In a Troubled Time, Boeing Looks at Brand
Most presentations on brand strategy don’t typically begin with an apology, but Boeing’s market position is anything but typical.
Jerry Verghese, VP of global brand management at the aerospace giant, started his session at ANA Masters of B2B today with a slide acknowledging Oct. 29, 2018, the day a Boeing 737 went down in Indonesia, and March 10, 2019, the day another 737 crashed in Ethiopia. Candidly, he told the audience that he debated whether or not to go through with the presentation, but decided it was best to be transparent with his peers.
“We fell short, and it is felt deeply across everyone who works at Boeing,” he said. “We’ve let people down, we let our customers down, we let the flying public down and quite frankly we let our teammates down. We need to rebuild trust and make sure this is the safest transportation system in the world.”
In the wake of the tragedies, the brand has paused all of its advertising, to reevaluate the future of the company and the brand platform it rolled out last year. Looking to the future, Verghese shared with the ANA audience the thinking behind the strategy, aligned to being purpose and human driven, with a focus on research and data.
Boeing needed to think about who its customer was, and how they made decisions. In 2016, a new business unit, Boeing Global Services, was launched, to focus on the plethora of new capabilities the company had to offer, many of which the public wouldn’t typically associate with the brand.
Many of these new capabilities came through acquisitions. These include Liquid Robotics, which produces a Wave Glider to gather ocean data, and Aurora Flight Sciences, which specializes in autonomous aerial vehicles.
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The company needed to create a marketing platform that would serve a number of purposes. It needed to be flexible and scalable, and increase the global footprint. It also needed to help attract new talent, and increase the focus on those newly acquired capabilities.
It talked a number of constituents—including customers, employees, prospective employees and company leaders—and reviewed the company’s competitive set and reputation, as well as the tone of its communications. These had often been engineering focused, and didn’t highlight the people behind the technology.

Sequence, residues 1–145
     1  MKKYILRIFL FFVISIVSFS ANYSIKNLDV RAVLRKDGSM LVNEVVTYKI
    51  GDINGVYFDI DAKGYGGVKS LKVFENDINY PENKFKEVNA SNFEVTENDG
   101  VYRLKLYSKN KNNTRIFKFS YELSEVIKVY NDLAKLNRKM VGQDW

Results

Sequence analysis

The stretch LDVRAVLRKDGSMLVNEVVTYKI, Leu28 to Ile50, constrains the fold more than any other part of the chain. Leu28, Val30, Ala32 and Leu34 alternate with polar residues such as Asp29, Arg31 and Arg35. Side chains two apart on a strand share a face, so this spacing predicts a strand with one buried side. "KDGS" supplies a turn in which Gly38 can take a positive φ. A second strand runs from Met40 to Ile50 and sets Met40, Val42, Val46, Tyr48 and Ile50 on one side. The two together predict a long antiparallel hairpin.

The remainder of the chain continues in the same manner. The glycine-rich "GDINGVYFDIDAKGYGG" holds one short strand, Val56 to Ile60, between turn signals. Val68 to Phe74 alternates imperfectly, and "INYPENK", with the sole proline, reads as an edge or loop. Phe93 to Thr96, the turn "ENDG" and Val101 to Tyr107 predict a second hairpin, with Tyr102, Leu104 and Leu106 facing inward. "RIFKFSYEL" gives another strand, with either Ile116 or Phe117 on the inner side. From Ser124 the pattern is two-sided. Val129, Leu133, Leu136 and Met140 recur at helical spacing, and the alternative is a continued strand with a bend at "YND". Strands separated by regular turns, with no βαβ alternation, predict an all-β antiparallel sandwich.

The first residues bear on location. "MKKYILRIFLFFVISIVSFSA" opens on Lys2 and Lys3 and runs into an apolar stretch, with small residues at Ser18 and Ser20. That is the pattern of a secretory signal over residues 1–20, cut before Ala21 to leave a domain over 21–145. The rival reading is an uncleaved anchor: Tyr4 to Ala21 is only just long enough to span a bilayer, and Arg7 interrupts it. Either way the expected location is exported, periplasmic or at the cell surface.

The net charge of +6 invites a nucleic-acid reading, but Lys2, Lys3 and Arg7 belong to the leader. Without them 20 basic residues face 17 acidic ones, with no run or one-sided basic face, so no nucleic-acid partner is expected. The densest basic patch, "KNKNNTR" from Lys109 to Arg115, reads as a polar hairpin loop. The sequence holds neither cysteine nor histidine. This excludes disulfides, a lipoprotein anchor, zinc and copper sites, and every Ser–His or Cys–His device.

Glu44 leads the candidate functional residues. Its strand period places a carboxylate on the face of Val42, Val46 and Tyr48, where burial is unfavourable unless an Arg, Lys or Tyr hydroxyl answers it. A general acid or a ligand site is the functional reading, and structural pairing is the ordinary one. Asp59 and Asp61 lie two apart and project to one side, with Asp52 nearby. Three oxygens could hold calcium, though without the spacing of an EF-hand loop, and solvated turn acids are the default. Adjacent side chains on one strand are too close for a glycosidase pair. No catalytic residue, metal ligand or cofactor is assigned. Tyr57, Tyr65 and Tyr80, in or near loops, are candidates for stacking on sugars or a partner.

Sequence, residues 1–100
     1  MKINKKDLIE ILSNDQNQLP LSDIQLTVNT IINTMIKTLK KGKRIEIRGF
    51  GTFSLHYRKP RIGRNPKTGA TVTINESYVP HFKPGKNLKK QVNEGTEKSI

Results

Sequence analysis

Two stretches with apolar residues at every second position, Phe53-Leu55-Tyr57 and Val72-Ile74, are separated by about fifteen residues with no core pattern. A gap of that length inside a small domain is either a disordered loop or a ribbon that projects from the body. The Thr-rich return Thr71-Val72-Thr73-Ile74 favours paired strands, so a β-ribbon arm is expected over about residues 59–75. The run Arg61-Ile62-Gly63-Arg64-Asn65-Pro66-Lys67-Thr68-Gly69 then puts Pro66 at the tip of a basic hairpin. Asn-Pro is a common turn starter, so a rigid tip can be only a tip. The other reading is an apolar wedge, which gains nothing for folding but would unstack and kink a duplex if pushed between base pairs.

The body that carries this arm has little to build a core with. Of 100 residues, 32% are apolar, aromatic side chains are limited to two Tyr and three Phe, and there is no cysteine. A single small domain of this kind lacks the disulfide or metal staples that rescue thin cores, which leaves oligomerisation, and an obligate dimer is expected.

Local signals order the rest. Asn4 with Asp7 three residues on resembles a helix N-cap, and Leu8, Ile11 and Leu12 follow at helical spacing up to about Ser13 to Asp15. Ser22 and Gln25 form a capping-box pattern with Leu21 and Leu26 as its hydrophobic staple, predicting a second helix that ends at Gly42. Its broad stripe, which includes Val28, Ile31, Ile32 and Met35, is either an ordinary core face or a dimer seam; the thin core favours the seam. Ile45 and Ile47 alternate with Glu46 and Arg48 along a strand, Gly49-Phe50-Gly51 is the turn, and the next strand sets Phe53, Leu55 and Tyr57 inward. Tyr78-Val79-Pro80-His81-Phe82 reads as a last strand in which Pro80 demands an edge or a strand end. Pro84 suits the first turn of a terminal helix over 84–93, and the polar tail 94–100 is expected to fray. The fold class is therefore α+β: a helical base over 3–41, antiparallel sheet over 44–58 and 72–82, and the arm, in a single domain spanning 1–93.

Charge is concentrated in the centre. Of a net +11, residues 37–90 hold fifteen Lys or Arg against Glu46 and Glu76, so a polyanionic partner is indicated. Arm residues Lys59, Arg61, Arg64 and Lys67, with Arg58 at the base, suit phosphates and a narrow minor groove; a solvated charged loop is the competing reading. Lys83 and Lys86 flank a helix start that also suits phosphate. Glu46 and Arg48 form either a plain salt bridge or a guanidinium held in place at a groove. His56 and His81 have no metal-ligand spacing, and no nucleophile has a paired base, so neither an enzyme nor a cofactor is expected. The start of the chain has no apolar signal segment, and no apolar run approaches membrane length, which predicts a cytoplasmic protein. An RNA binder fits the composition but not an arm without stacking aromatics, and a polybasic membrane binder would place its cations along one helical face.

There were three clear objectives, said Verghese. Boeing wanted to paint a clear vision of the future, anchored in the brand’s purpose and values. It wanted to showcase the products and services. And, it wanted to shape the brand’s reputation and build trust with emerging leaders and talent.
Four pillars of Boeing’s aerospace innovation were identified—connecting, protecting, exploring and inspiring. These would extend across all touchpoints, from media and investor relations; to advertising, recruiting and employee engagement; to partner and supplier engagement; to sponsorships, experiential events, sales collateral and everything in between.
“We were on a journey to make sure this was translating across the enterprise,” he says.
In the work to refresh the brand identity, everything was considered, including the signature “Boeing Blue” color used across the company. That was updated to a lighter, more dynamic hue.
How the brand represented itself at industry events was also reevaluated. At the Paris Air Show—the aerospace equivalent of CES for the electronics world—exhibits and messaging focused not only on the aircraft, but the people behind them. Boeing has also been investing in VR mixed reality, to help tell the brand’s story at events in a more experiential way to attendees who might not actually get to physically go on board of the newest aircraft.
Boeing is also heavily investing in creating compelling content for social channels. This includes behind the scenes livestreams on Facebook, where mechanics and engineers are interviewed as planes are being built.
“Showcasing our employee voices and the people who work on our projects is important to show our human side going forward,” he said.